Big US oil producer to cut thousands
Chevron Corporation said yesterday it would cut 2,000 jobs this year and sell some overseas operations as it revamps its struggling refinery, marketing and transportation operations.
The job cuts represent almost 12 per cent of its 17,000 workers in the so-called downstream part of its business and just over three per cent of its overall work force.
Executives of the second-largest United States oil producer are still deciding where and when they will eliminate the jobs as they try to complete the restructuring by the third quarter, company spokesman Lloyd Avram said.
Additional cuts are expected next year.
Chevron said it would also seek bids for the Pembroke refinery in southwest Wales, and fuels marketing, aviation and lubricants businesses in the Caribbean and some markets in Central America.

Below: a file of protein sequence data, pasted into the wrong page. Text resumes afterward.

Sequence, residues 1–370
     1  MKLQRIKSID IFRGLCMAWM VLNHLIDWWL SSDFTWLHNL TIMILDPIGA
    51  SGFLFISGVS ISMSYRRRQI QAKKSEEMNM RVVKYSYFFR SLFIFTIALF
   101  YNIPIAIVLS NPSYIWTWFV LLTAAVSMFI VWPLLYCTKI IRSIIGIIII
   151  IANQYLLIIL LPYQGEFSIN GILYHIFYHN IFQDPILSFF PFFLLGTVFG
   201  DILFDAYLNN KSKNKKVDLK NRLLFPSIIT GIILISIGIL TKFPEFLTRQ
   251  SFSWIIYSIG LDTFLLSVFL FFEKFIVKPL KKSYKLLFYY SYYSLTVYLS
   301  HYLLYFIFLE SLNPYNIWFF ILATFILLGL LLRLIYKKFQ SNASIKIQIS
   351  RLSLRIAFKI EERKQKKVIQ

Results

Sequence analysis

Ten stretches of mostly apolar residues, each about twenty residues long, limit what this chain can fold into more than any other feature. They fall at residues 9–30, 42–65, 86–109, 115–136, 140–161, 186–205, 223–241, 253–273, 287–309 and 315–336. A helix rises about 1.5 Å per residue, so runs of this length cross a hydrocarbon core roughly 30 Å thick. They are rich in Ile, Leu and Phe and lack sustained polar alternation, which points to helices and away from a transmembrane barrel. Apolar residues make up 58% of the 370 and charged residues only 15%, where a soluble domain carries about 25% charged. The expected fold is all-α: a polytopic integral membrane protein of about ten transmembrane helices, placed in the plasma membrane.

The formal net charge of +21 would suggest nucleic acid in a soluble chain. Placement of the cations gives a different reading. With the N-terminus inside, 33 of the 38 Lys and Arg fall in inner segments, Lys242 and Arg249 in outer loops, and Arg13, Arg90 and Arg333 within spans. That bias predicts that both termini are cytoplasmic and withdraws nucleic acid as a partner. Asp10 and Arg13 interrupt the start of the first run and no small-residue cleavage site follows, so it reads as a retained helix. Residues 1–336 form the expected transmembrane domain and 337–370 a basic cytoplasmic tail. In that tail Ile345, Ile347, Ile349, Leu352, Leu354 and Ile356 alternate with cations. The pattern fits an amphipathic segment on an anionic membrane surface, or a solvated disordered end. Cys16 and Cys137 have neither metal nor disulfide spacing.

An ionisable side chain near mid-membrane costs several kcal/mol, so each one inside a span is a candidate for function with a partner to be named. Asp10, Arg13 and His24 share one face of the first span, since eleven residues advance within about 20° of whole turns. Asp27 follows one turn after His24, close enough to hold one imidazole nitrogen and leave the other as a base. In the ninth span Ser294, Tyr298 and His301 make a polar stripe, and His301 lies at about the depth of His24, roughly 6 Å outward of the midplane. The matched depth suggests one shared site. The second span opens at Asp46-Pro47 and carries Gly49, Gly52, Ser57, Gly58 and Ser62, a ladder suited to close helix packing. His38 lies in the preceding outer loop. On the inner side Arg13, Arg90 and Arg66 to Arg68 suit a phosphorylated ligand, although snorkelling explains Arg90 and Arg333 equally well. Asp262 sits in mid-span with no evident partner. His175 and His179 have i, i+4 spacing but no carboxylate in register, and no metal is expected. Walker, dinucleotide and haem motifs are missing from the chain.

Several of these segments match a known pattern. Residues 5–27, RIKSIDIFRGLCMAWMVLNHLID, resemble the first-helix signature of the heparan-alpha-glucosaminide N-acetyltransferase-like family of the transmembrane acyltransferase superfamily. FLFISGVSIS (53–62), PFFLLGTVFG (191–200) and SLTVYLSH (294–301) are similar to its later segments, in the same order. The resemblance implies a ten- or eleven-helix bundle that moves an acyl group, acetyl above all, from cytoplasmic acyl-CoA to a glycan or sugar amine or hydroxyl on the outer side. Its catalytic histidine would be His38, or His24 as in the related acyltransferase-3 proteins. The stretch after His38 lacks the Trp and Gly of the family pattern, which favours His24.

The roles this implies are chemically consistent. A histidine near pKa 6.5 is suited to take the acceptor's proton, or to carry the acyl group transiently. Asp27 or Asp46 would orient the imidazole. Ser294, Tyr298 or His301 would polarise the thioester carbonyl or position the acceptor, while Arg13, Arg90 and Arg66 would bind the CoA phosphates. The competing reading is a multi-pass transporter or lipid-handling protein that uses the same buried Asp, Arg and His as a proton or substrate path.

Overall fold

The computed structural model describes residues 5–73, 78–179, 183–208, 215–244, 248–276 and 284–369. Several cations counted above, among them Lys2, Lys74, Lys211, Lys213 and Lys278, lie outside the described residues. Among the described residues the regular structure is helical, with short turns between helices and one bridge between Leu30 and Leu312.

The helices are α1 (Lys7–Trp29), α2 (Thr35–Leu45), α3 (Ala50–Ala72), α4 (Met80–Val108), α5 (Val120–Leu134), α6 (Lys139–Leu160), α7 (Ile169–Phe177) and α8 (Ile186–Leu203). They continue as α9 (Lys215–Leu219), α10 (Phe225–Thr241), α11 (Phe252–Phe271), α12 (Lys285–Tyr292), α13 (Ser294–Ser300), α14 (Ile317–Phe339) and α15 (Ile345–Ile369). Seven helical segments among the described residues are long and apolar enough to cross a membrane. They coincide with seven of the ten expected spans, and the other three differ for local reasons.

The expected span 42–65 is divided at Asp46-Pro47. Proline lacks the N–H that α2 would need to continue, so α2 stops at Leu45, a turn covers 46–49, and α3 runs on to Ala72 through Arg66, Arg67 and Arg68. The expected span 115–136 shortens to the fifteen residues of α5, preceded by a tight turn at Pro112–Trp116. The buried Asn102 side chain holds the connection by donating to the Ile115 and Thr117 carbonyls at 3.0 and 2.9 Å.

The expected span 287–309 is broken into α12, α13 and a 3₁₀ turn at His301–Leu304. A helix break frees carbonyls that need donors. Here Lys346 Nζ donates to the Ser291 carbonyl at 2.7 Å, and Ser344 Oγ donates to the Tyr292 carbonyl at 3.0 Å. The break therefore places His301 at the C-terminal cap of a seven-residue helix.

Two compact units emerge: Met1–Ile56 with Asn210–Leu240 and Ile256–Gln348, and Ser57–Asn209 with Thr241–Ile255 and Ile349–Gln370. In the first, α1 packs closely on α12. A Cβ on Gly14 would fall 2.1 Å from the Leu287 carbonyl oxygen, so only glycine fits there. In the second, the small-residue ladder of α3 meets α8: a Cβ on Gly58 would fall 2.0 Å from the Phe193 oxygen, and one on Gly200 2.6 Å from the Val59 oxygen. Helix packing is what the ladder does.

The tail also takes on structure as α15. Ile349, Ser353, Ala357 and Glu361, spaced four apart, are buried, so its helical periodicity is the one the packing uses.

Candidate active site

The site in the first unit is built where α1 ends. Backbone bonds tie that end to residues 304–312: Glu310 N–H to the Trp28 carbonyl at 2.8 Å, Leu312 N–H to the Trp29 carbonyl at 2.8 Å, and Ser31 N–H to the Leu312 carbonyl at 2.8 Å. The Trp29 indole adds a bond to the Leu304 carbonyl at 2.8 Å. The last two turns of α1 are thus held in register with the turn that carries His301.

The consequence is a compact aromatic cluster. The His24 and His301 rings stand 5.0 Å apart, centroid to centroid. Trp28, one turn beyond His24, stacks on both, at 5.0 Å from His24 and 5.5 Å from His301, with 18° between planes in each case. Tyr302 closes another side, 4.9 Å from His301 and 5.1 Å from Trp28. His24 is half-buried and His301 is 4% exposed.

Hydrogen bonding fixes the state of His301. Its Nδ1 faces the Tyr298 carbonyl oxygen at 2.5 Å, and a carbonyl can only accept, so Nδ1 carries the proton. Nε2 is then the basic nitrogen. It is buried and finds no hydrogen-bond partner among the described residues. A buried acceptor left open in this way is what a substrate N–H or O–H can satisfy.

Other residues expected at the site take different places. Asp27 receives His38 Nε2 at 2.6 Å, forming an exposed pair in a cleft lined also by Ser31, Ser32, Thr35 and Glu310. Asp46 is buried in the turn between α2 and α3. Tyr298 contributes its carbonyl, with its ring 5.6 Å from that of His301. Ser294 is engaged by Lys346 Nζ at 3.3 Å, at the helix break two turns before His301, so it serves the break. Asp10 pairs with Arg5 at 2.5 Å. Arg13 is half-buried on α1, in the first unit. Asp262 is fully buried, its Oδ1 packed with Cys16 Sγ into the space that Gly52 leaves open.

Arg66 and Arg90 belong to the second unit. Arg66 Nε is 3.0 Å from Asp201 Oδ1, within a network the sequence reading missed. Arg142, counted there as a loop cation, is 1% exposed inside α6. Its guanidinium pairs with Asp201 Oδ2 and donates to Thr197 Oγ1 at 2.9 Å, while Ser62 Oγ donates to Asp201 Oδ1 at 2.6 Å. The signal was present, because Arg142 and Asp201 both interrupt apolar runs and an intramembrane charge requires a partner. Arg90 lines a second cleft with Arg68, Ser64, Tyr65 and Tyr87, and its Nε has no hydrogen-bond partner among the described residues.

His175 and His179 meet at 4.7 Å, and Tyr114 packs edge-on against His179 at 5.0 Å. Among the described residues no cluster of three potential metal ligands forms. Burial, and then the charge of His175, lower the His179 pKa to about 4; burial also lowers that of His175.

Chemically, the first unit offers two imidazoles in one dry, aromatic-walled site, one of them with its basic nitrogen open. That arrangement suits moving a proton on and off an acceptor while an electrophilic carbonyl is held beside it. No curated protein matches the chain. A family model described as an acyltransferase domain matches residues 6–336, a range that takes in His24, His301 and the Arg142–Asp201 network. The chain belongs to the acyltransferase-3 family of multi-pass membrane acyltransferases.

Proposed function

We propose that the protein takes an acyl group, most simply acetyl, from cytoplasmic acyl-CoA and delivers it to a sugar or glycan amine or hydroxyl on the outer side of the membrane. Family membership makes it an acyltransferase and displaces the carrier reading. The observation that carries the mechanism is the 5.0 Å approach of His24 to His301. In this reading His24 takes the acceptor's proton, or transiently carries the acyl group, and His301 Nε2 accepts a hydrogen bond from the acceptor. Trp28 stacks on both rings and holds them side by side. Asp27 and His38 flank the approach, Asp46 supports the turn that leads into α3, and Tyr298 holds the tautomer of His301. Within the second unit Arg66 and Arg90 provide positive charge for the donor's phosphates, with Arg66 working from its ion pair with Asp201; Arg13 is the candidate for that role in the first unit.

Four indicted for assisting suicide
A Georgia grand jury indicted four members of an assisted-suicide group yesterday on charges they helped a 58-year-old man with cancer kill himself.
The four, the Final Exit Network's former president, its former medical director and two others, were formally indicted by a Forsyth County grand jury on charges of offering assistance in the commission of suicide, tampering with evidence and violating the state's anti-racketeering charges.
They were arrested more than a year ago and charged with assisted suicide in John Celmer's death at his north Georgia home.
The arrests came after an eight-month investigation where an undercover agent posing as someone seeking suicide infiltrated the group.
Authorities say the network, which was also indicted, has helped dozens of people kill themselves. Some members already faced charges in a suicide in Arizona.
Yesterday's indictment names former network president Thomas E. Goodwin, ex-medical director Dr Lawrence D. Egbert, regional coordinator Nicholas Alec Sheridan, and member Claire Blehr.
The four are scheduled to be arraigned April 1, said Forsyth County District Attorney Penny Penn.